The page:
John Hershey brings the timeless values of Pennsylvania with the dynamic energy of youth as a legislator who gets things done for the people of our region. Now in his second term, John’s life has been guided by his Christian faith and informed by the values-based education he received as a lifelong resident of Juniata County and a graduate of Messiah College.
The son of a father who works the agricultural industry and a mother who was a teacher, John began adult life as an administrator with a religiously based non-profit that made life-changing “micro-loans” to farmers in East Africa. He and his brother went on to start an online specialty coffee retail business, with the proceeds enabling struggling farmers to transition from subsistence farming to cash crops.
“People don’t prosper when you simply give them money to feed their families the next day. They prosper when their families can look forward to meals and good health in the years ahead because the solution is in place, right there in their homes and fields,” he explains.
Agriculture has been at the forefront of John’s efforts. As a congressional aide, he helped write a Farm Bill that sought to protect Pennsylvania’s dairy farmers who were under siege by the Obama administration.
“They banned whole milk from our schools, somehow claiming that a food that raised countless generations of Americans was now a threat to our children,” he says. “They also tried to strengthen heavy-handed regulations that would saddle our farmers with red tape for generations. We forced the administration to remember who we are, where we came from and what has made our nation strong in the past.”
In the Pennsylvania House, John has been a leader in policies to connect the next generation of farmers with the land of places like Perry and Juniata counties. He proposed a grant program to help farmers comply with increasingly burdensome state and federal environmental regulations. He recently helped secure a grant with Representative Mark Keller (R-Perry), helping rural Perry and Juniata countians gain access to needed high-speed internet services.
“We need to recognize that, from farm-to-fork, agriculture remains the major industry in Pennsylvania. We need to support agriculture and the families that rely on it, whether it’s as a source of income or a source of food,” John says.
The legislator has also stood on the frontlines of policy debates that define our core values.
John not only supported a “Heartbeat” bill to protect the unborn, but also was a leader in the fight to pass the Down Syndrome Protection Act after discovering that many abortion providers were encouraging women to terminate the lives of unborn children that received that diagnosis.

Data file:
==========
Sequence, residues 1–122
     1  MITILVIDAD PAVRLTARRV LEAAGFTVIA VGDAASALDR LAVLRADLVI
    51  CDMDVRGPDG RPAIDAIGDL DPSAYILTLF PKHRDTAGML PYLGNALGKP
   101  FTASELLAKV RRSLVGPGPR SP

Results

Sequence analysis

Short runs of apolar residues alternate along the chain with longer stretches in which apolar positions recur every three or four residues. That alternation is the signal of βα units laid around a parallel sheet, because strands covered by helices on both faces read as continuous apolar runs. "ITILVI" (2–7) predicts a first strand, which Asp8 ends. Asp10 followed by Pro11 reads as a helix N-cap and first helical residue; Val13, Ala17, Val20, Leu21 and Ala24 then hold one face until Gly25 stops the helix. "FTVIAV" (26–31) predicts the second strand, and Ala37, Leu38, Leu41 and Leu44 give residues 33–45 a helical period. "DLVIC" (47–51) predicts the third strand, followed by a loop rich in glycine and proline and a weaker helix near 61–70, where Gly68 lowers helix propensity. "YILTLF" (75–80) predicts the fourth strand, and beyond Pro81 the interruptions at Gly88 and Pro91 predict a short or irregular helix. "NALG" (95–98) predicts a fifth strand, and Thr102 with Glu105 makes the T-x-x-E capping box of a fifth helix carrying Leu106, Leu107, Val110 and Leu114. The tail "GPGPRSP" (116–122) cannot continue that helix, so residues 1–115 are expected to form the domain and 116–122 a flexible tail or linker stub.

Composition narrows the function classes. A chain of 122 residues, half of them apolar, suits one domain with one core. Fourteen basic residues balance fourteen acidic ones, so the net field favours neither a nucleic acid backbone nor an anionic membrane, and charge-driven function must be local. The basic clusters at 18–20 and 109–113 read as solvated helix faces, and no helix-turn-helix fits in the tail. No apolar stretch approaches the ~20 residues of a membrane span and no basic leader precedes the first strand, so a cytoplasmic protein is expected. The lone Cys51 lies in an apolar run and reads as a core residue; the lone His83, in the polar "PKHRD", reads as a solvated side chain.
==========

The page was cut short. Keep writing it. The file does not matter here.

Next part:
“When we start playing with whose life counts and whose doesn’t, we’re authoring the destruction of our people,” Hershey says. Helping the young is a watchword in the Hershey house, where John’s wife, Wendy, serves as a Perry County teacher.
John sits on the Judiciary Committee and has served on the frontlines of the fight to combat extreme gun-control laws in Philadelphia and Pittsburgh. He has stopped the Democrats’ and Gov. Tom Wolf’s most extreme proposals, while advancing Second Amendment-based priorities like constitutional carry and state-level pre-emption.
John serves on the powerful House Appropriations Committee and from that vantage point, he has been able to secure millions of dollars in state investment in his district. Two of his most notable achievements are the reconstruction of the bridge that provides main access to the Juniata County Library in Mifflintown and expansion of the Mifflin-Juniata Academy, where educators are training the next generation of central Pennsylvania’s workforce.
John has been able to protect small businesses from the heavy hand of DEP regulators, working to speed up delayed permits and assisting job-creators in any area. And John has accomplished these things while hewing closely to a standard of fiscal restraint. He has been a key player in efforts to block the Wolf administration from enacting a range of record-breaking tax hikes.
“Pennsylvania doesn’t have a revenue problem. It has a spending problem. My view is that we need to set Pennsylvania on a path to fiscal success,” John says.
He is also committed to putting an end to no-excuse mail-in voting, a program that began as a relatively modest set of reforms in the General Assembly before being rewritten by the courts and the Wolf administration in ways that threaten the integrity of every vote.
“I think every vote should count. Once. And that vote should be validated by showing identification and voting without fear or manipulation by some third party,” John explains.
Lifelong central Pennsylvanians, John and Wendy Hershey live in Mifflin, where they are active members of Cedar Grove Church. He also serves on the boards of the Christian Retreat Center, a youth camp in southern Juniata County and the Juniata River Valley Chamber of Commerce. John is a Life member of the NRA and active in the Juniata County Farm Bureau. In Harrisburg, he serves as the legislative co-chair of the annual Prayer Breakfast.